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The bond market has been selling off for a few weeks. While the sharp move in Treasury bonds (NYSEARCA:TLT) gets a lot of attention, I am now more focused on junk bonds. Junk bond yields are still near record lows (and prices near record highs). At these levels, the risk/reward for junk bonds is not favorable and they seem vulnerable to more selling. The catalysts for junk bond weakness are the spike in Treasury yields as well as the repricing of risk assets that is paving the way for wider spreads. In this article, I will look at the price and spread dynamics of CCC, B and BB rated bonds as well as the key junk bond ETFs. The junk bond market cracked and I expect further declines.

Outlook On The Bond Market

My negative outlook on the broader bond market is discussed in these previous articles:

June 2 - Selling Begets Selling: 4 Bond Market Cracks Threaten Rally In Risk Assets

May 26 - Will Bond Vigilantes Drive The 10-Year Above 2.06% After Confusing Fed-Speak?

Junk Bonds

Junk bonds, also known as high yield bonds, are the riskiest part of the corporate bond market. These bonds are considered to have a higher probability of default than investment grade bonds. The majority of junk bonds are rated CCC, B, or BB (CCC representing the most risk). Please see the appendix below for an overview of bond ratings.

Although junk bonds represent a higher probability of default than investment grade bonds, I am not too concerned about defaults in the near term. Default rates are low (source: A Junk-Bond Bubble?) and many companies refinanced their debt over the last few years. They pushed out debt maturities and lowered their interest payment. Also, companies that survived the financial crisis have benefited from the economic rebound since 2009. At some point the default rate will increase, but that is not my immediate concern. Instead, I am concerned that the sharp rise in Treasury rates is causing a repricing of yield-oriented and risk assets, including junk bonds.

CCC Bonds: The Long-Term View

The dynamics of CCC, B and BB bonds are similar and I will use CCC bonds as a proxy for the market.

The yield the CCC bond benchmark is about as low as it has ever been. Bond prices move in the opposite direction as yields, so the current yield on the benchmark represents record prices.

Based on the historic pattern, there is little room for yields to decline further. Therefore, the risk/reward outlook is not favorable at these levels.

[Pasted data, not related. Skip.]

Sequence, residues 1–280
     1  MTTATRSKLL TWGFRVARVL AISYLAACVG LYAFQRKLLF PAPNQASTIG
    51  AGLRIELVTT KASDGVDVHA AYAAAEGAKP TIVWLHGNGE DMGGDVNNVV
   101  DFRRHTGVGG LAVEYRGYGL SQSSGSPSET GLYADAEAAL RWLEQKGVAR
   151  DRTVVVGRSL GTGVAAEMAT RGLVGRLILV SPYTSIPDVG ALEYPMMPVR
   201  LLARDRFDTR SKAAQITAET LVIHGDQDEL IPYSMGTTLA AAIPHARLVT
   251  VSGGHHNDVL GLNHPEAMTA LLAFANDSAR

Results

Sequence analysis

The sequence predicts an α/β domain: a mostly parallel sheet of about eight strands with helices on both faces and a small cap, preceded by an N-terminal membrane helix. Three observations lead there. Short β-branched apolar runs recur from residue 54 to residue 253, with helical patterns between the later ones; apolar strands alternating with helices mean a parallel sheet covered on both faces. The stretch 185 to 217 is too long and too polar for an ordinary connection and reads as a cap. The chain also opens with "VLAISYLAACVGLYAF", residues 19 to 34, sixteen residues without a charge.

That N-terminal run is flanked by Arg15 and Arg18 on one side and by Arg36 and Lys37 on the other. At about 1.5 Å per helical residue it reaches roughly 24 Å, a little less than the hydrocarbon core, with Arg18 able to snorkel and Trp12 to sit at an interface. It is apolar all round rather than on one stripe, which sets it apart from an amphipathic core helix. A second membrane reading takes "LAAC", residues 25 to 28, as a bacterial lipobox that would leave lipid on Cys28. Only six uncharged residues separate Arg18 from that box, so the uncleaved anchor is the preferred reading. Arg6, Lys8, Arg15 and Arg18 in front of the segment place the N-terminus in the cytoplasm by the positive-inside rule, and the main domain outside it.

(click to enlarge)

(Source: Federal Reserve Bank of St. Louis)

CCC Bonds Over The Last Year

Over the last year, the CCC bond benchmark yield declined sharply as prices moved up. However, the trend has been reversing since mid-May.

(click to enlarge)

(Source: Federal Reserve Bank of St. Louis)

CCC Bond Spreads

It is important to look at the spread between the yield on CCC bonds and the equivalent US Treasury bond. US Treasury bonds are considered the risk free rate. The spread represents the relative risk for CCC bonds.

The spread for CCC bonds is low by historic standard, tough it was lower toward the end of the last cycle.

(click to enlarge)

(Source: Federal Reserve Bank of St. Louis)

Over the last year the spread has compressed significantly. However, it started widening in mid-May.

(click to enlarge)

(Source: Federal Reserve Bank of St. Louis)

The low spread makes CCC bonds vulnerable. Since spreads are low, there is little room for them to compress further. Therefore, as the yield on Treasury bonds moves up, the yield on CCC bonds would likely move up as well. If the yield on CCC bonds moves up, then the price for CCC bonds drops.

Furthermore, there is also the possibility (and even likelihood) that the spread for CCC bonds will widen, which means the yield for CCC bonds would rise at an even faster pace than the yield on Treasury bonds. This would also result in a drop in prices for CCC bonds.

Considering the history of the CCC bond benchmarks as shown in the graphs above, there is a lot of room for yields to rise and prices to drop.

Treasury Bonds

The yield on Treasury bonds is an important factor driving the yield/price of junk bonds.